Both educated at Kyoto City University of Art, TOWATA Masayuki and MATSUMOTO Yasuaki began their collaboration with their 1991 project “Divina Commedia.”

Held at Kobe’s Xebec Hall from August 28 to September 2, 1991, “Divina Commedia: Death’s Praxis,” an installation simulating death, was true to its title in its large scale and use of a somewhat secretive process. Five test subjects were made to wear dustproof suits and lie horizontally while floating in a giant pool of blue gel. Showered with the stimuli of flashing lights and sound effects, the five gradually began to feel the extraordinary tranquility of having satisfied the desire to return to their mothers’ wombs; and having lost all bodily sensation, they said, thy lapsed into a state where only their brains remained active. The installation took as its theme The Divine Comedy, in which DANTE sublimates the absolutism of romantic love into lyrical poetry about “death and rebirth.” This installation used the transformation of bodily sensations via technology as a means to experience really “death and rebirth.”

While “Divina Commedia” can in some ways be called a group experience for the five who participated, “Trobar Clus” (1992–93), an installation exhibited at Art Tower Mito Contemporary Art Center, was designed for a truly solitary experience. The name “Trobar Clus” appears in a work by Hieronymus Bosch, in which he describes a transparent sphere; it refers to a perforating object. Gel was poured into a transparent tank large enough for one person to lie horizontally; the tank weighed as much as 700 kg and was elevated two meters in the air by thin iron beams. When the test subject, chosen from a group of volunteers, was positioned horizontally, the flashing of data began. Through a definitive interchange between the spectators and participants—the viewer and the viewed—the installation aimed for a bodily experience of “death and rebirth” within an open environment.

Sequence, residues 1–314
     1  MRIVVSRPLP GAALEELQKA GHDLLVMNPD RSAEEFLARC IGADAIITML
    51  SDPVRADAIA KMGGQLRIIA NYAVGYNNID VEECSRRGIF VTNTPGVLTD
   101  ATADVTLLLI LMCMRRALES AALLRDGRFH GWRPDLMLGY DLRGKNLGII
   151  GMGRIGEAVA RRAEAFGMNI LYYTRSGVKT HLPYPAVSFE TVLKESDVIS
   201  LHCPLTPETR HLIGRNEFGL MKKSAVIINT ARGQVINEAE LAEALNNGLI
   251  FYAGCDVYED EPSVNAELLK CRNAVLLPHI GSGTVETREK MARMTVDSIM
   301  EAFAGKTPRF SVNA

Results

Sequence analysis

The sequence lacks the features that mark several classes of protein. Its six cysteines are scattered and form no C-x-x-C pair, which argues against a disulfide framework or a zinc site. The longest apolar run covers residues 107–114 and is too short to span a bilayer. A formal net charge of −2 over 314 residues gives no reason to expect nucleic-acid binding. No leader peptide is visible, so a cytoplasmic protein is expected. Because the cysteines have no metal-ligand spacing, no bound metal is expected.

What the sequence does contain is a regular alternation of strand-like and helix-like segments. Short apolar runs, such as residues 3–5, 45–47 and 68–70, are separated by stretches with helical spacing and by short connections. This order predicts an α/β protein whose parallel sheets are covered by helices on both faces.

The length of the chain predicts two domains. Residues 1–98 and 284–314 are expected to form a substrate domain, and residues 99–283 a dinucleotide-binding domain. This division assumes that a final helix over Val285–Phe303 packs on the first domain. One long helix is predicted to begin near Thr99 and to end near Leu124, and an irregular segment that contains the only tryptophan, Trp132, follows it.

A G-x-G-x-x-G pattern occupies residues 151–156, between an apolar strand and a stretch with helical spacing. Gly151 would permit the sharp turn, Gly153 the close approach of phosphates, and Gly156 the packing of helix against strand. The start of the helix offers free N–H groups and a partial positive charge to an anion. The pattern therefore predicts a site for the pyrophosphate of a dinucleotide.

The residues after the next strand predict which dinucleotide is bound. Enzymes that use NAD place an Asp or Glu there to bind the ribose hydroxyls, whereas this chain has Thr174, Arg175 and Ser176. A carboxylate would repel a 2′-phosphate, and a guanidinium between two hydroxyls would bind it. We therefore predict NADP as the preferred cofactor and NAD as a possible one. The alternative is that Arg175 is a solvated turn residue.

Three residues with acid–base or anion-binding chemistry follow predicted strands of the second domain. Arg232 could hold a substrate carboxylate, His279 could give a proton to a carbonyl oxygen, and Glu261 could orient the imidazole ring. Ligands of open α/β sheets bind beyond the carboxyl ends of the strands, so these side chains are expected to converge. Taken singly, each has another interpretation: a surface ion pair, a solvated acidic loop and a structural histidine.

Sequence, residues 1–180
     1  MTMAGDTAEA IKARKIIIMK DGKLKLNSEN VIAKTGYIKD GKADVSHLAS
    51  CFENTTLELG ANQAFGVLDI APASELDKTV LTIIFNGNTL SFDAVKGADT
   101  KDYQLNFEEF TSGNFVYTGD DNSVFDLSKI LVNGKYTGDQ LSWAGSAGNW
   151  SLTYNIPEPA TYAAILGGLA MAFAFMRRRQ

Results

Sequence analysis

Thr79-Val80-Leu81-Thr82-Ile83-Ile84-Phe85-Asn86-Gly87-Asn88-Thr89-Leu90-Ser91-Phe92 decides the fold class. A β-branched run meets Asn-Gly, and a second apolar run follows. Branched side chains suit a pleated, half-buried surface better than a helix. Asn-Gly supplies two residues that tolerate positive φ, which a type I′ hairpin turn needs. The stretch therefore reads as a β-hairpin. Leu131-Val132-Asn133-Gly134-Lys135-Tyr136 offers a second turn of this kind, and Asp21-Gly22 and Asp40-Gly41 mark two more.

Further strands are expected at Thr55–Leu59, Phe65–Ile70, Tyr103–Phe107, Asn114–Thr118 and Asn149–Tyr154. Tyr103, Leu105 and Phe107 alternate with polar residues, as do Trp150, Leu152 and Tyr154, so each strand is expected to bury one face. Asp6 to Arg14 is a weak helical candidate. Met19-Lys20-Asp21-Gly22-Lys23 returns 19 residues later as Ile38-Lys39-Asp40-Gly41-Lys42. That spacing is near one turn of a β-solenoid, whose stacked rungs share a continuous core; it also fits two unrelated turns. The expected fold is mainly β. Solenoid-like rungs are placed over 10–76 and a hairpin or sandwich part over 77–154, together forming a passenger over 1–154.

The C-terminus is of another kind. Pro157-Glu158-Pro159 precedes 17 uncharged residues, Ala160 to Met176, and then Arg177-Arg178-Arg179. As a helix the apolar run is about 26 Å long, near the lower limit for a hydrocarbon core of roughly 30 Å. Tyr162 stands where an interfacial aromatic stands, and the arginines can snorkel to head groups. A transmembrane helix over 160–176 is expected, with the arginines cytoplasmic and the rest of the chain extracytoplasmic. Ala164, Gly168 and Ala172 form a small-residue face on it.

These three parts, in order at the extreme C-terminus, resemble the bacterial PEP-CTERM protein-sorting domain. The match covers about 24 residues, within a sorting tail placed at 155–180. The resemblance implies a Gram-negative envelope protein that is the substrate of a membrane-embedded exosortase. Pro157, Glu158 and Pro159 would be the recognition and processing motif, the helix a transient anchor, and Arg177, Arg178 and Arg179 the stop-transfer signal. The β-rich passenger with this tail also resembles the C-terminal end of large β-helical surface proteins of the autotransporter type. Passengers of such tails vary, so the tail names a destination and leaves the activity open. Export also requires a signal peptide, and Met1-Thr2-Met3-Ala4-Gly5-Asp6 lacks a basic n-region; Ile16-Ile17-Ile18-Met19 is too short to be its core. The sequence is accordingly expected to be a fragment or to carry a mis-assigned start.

Another joint production by TOWATA and MATSUMOTO was their installation entitled “Gravity and Grace” created for “MultiMediale 4” (May 1995, ZKM, Karlsruhe, Germany). Standing in front of the installation, visitors can see the faint appearance of a “spirit” overlapping with their own image in a dim mirror. The title of the piece, dedicated to the victims of the Hanshin (Kobe) Earthquake, was taken from Simone WEIL’s book of the same name. According to WEIL, the natural movement of the spirit are controlled by “a law similar to the law of material gravity,” the only exception from which is “grace.” This installation encourage d an awareness of the human body’s vulnerable existence and of the transcendental quality that controls the psyche.

While each of these projects relied on the references suggested in their titles to summon a theoretical background, they each began with the medium of the participants’ bodies. Accordingly, the notion of “gravity,” which exists as one vector, is clarified in a variety of ways and the participants are instilled with the premonition of another supernatural force that may suddenly be born therein. These are what WEIL calls “the two controlling forces of the universe,” and it is surely these two things that the works of TOWATA and MATSUMOTO lead us to experience.

(SHIRAI Masato)

List of Works